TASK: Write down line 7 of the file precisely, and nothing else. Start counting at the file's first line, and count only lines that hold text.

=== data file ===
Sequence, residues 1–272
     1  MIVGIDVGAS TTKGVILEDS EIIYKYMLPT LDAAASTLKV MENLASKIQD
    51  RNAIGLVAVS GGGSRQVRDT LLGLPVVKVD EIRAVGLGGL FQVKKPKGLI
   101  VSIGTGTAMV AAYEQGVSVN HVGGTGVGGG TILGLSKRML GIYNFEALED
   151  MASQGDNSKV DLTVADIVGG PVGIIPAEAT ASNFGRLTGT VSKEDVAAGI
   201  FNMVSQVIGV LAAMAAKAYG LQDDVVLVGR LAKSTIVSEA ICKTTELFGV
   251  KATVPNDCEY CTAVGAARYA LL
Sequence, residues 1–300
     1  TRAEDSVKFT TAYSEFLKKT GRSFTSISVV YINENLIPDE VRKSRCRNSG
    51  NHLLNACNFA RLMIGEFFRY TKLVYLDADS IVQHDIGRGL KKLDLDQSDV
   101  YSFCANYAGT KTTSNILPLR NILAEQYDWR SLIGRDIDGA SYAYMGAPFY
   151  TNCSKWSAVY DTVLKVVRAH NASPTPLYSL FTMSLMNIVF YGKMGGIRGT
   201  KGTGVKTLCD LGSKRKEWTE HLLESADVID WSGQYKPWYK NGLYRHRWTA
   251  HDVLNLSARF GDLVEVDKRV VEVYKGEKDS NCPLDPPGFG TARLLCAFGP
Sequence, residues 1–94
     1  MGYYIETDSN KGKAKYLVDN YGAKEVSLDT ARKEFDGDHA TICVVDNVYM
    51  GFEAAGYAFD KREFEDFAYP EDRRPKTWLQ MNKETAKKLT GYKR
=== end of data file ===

   251  KATVPNDCEY CTAVGAARYA LL